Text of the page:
Hackers actively targeting WordPress sites running unpatched Tatsu plugin

Hackers are reported to be actively targeting WordPress sites with unpatched versions of the Tatsu no-code page builder plugin installed.

Detailed Monday by Ram Gall at Wordfence, the large-scale attack is targeting a Remote Code Execution vulnerability in Tatsu that was publicly disclosed in March. Although an updated version of the plugin has since been released, as is often typical with software or, in this case, a WordPress plugin, not all users have installed the latest version. That opens the door to hackers.

The exact number of sites running unpatched versions of Tatsu is unknown but could be as high as 50,000. What isn’t hard to track is the number of attacks: Wordfence saw a peak of 5.9 million attacks against 1.4 million sites on May 14.

The attack volume has since declined, but the attacks are still ongoing. Most of the attacks are described as probing attacks to determine the presence of the vulnerable plugin.

If a WordPress installation is running an unpatched copy of Tatsu, the most common payload deployed is a dropper, software that allows additional malicious scripts to be installed in a randomly named subfolder.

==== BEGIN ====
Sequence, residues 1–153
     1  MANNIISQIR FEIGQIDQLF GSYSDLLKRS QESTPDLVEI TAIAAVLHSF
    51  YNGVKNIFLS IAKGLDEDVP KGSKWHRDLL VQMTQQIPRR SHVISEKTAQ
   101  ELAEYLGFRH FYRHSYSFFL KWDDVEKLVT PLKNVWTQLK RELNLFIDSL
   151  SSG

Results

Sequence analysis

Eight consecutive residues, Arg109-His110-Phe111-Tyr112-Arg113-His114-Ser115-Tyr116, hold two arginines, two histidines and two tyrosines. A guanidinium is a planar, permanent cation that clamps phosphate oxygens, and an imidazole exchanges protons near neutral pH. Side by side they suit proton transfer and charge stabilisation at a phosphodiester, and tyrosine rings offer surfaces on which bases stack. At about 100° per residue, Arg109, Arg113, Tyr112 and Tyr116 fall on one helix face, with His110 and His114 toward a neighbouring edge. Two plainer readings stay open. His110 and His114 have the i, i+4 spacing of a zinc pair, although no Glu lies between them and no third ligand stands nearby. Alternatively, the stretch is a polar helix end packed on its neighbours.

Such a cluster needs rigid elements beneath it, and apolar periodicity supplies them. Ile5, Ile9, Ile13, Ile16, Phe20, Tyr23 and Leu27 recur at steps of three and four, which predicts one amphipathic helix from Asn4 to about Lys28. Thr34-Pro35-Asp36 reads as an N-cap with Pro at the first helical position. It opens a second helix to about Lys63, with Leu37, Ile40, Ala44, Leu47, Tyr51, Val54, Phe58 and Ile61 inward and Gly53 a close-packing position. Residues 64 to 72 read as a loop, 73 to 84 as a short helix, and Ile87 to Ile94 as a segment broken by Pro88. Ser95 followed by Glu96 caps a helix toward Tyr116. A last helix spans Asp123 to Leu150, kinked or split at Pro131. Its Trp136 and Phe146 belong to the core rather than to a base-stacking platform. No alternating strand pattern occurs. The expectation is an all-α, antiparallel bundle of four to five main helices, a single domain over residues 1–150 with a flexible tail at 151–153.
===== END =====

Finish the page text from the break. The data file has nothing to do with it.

The obvious solution to the problem is for Tatsu users to update the plugin to the latest version, currently 3.3.13. It’s warned that an earlier update, 3.3.12, contained only a partial patch that did not fully address all issues.

“When it comes to cybersecurity, most organizations give little thought to their websites,” Chris Olson, chief executive officer of digital safety provider The Media Trust, told SiliconANGLE. “The Tatsu vulnerability shows us why this is a mistake: Websites, which play a key role in marketing and revenue generation, are increasingly targeted by hackers, making them a source of risk to customers and casual visitors.”

Olson noted that as a precaution, anyone managing an organization’s website should be performing regularly scheduled maintenance that includes updates for plugins and security patches.”This is all the more true if it runs WordPress or another open-source CMS that depends heavily on third-party code, as these are chief drivers of risk,” Olson said.

Image: Wordfence

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